"Thousands of tired, nerve-shaken, over-civilized people are beginning to find out that going to the mountains is going home; that wildness is a necessity; and that mountain parks and reservations are useful not only as fountains of timber and irrigating rivers, but as fountains of life."
John Muir (1838 – 1914), Scottish born environmentalist and founder of the national parks movement.
We purchased Morenish Mews in 2006 and from the start we determined to maintain the properties and grounds in an environmentally-sustainable way. We joined the Green Tourism Business Scheme in 2008 and since 2010 have been rated "Gold".
In an effort to reduce our carbon footprint and environmental impact, we constantly review our performance and try to make improvements in the following areas.
Monitoring: We monitor electricity and car use and make savings wherever possible.
Energy: We reduce our carbon footprint by using:
- Solar thermal panels to heat hot water and solar photovoltaic panels to generate electricity;
- A+++ rated fridges and washing machine;
- Low-energy or LED lighting in most areas;
- Minimum of 300mm of loft insulation;
- Double glazed windows and doors.
Water: Although we have our own water supply we attempt to conserve water by reducing the toilet flush volume. We also use environmentally-friendly cleaning products and washing machine powders.
Waste: We encourage our guests to recycle paper, cardboard, plastic containers, glass bottles and metal cans & foil and to compost raw vegetable matter. We also reuse former building materials found on site such as brick, stone and slate.
Purchasing: We consider environmental impact when ordering goods by:
- Using recycled paper or paper from sustainable sources;
- Buying Fairtrade tea, coffee and sugar;
- Using local businesses to provide food for welcome baskets.
- We encourage guests to use our local community-based grocer, farm shop and wholefood cafe. And we provide each accommodation unit with a herb garden so that fresh herbs don't have to be purchased at all!
Travel: We promote the use of public transport by:
- Describing public transport options on our website;
- Promoting public transport in our leaflets and discussions with guests;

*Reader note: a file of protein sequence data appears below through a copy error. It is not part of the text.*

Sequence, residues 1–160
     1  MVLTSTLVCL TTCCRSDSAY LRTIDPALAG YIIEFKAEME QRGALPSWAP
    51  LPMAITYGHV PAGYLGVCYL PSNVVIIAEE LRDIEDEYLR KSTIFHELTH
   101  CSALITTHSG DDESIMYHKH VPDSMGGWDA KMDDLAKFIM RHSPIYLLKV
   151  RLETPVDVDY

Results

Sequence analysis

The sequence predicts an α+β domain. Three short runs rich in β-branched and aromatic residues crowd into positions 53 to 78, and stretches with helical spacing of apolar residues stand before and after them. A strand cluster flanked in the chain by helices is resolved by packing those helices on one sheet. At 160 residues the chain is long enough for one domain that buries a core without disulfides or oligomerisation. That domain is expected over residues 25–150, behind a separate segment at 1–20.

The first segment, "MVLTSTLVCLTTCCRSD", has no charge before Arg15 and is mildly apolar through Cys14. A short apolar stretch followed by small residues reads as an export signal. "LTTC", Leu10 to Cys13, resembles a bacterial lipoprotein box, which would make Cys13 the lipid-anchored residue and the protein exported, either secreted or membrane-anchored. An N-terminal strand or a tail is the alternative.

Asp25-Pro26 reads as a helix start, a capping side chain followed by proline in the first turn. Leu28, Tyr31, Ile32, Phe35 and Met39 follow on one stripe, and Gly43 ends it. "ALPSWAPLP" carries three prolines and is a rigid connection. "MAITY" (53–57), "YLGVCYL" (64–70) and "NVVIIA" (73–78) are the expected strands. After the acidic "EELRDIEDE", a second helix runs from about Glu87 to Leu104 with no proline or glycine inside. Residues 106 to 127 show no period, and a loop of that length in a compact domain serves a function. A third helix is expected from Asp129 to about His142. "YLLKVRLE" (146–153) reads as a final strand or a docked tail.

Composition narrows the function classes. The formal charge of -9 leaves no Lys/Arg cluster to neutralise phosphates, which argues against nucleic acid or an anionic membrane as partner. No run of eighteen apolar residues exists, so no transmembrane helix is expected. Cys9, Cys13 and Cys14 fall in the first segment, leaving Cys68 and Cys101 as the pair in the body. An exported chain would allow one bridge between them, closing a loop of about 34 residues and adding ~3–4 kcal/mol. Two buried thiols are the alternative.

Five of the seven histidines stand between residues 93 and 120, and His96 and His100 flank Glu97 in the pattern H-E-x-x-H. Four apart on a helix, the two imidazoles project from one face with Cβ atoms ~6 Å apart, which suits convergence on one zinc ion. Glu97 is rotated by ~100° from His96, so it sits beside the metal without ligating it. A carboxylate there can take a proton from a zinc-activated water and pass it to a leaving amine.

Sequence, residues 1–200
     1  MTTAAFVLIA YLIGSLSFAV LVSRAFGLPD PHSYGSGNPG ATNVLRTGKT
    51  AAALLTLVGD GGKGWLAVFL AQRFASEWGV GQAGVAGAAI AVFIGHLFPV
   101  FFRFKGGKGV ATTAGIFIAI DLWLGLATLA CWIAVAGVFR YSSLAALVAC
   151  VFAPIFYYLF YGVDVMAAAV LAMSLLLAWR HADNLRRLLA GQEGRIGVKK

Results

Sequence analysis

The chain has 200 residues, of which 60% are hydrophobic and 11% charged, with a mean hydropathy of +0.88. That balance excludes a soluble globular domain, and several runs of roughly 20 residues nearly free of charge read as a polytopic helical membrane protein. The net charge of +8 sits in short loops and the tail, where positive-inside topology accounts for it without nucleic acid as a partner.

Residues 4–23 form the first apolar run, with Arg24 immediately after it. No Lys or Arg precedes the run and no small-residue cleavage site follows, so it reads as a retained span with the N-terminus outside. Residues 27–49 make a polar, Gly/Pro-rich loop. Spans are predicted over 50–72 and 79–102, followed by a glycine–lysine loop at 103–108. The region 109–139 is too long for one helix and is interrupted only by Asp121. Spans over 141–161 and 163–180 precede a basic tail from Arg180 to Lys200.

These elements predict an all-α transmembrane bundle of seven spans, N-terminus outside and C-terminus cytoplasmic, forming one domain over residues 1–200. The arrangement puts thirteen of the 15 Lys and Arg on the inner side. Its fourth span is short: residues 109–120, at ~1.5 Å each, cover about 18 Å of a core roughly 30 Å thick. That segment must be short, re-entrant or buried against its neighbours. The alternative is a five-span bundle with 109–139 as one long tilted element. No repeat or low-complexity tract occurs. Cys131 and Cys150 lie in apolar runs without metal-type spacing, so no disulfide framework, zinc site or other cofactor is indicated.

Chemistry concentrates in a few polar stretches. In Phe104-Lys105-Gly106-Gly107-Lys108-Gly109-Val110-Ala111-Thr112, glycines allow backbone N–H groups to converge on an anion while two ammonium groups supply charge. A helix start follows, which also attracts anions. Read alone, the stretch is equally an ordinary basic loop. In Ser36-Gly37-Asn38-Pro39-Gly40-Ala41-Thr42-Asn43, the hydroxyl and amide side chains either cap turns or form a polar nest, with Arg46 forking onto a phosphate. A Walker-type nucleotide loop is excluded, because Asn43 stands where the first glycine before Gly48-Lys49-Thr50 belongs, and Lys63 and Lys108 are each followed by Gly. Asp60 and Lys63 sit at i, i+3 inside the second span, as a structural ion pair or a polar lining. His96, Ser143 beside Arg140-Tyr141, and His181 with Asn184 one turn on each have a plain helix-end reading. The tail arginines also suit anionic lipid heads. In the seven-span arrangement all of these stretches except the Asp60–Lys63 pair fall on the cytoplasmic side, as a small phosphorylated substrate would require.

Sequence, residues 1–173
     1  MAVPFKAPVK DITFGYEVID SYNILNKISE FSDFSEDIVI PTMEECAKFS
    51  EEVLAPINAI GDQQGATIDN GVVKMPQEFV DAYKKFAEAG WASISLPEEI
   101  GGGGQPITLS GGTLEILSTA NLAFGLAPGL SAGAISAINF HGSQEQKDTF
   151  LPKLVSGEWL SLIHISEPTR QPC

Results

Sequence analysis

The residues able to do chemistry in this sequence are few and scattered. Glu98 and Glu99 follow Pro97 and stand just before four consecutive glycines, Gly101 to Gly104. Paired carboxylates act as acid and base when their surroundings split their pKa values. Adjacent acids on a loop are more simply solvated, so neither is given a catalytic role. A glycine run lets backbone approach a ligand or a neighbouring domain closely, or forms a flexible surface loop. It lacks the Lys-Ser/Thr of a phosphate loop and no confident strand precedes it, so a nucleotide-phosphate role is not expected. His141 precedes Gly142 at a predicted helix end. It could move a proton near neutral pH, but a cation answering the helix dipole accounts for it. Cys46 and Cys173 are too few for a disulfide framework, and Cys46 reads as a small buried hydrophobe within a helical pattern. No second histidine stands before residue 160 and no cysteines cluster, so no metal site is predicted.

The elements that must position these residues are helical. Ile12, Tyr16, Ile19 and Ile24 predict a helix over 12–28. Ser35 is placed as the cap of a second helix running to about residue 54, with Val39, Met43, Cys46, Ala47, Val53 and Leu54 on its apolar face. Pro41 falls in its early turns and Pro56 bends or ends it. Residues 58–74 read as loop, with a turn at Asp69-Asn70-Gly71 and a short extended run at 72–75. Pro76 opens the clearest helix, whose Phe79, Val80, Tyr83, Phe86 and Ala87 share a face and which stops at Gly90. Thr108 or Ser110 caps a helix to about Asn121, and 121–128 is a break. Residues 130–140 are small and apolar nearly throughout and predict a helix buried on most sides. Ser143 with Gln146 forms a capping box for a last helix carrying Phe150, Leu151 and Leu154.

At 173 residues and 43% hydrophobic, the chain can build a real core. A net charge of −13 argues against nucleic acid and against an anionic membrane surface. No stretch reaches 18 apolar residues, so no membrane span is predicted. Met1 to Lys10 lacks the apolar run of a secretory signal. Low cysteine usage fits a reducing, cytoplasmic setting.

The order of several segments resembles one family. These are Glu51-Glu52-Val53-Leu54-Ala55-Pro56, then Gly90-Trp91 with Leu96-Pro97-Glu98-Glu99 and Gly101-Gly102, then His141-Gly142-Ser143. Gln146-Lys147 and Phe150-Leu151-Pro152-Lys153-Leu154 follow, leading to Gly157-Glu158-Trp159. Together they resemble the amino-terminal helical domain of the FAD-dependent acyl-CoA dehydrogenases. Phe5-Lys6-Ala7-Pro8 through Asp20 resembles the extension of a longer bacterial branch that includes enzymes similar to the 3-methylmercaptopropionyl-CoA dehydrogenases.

- Providing details of a wide range of local walks, cycles and non-car based activities.
- For links to public transport timetables see our "Location" page.
Wild Garden & Wildlife
The wild woodland garden, above the car park road and behind the main house, is a haven for insect life, especially butterflies and bees. We have some 200 trees in our two woodland areas, separated by a rushing burn (stream). A network of broad paths traverses the wild garden and forms part of our garden trail from which you can try to identify the 14 types of tree present on the property.
Badgers come into the garden but are rarely seen. Other visitors include red squirrels, stoats, hares, pine martens, foxes and voles. Red deer stags visit from autumn through spring.
Water-loving plants such as yellow iris and bog myrtle thrive around our pond. Frogs inhabit the pond but it is easier to hear them on a summer night than to see them. Recently several newts have also been seen in the pond.
The garden also hosts a variety of birds, beautiful butterflies, moths and bats. For a number years, until it blew down in a storm, ospreys nested in a pine tree on the ridge between Morenish Mews and the loch. They can still be seen occasionally, perching on dead larch trees towards the loch. Peregrine falcons can also be seen on these trees from time to time. Golden eagles may be seen occasionally soaring over the hills to the north of the road and buzzards are frequently seen from the garden.
Over the course of a year one can see quite a number of bird species in the garden. Birds that have been seen at least once include: heron and mallard; buzzard, kestrel & sparrowhawk; pheasant, partridge & woodcock; black grouse; collared dove; wood pigeon; great spotted woodpecker; swallow & house martin; pied wagtail & grey wagtail; wren; dipper; dunnock; robin; song thrush & mistle thrush; blackbird; great tit, coal tit & blue tit; tree creeper; magpie; carrion crow & hooded crow; jackdaw; starling; chaffinch, goldfinch, greenfinch, bullfinch & siskin; yellowhammer; redwing; house sparrow; spotted flycatcher; willow and wood warbler. At night one can hear (and occasionally see) both tawny owls and barn owls.
Community: We participate in community organisations (Killin Community Choir; Loch Tay Community Interest Company; Killin & Ardeonaig Community Development Trust). We are active members of the Breadalbane Tourism Circle, encouraging visitors to come to the area.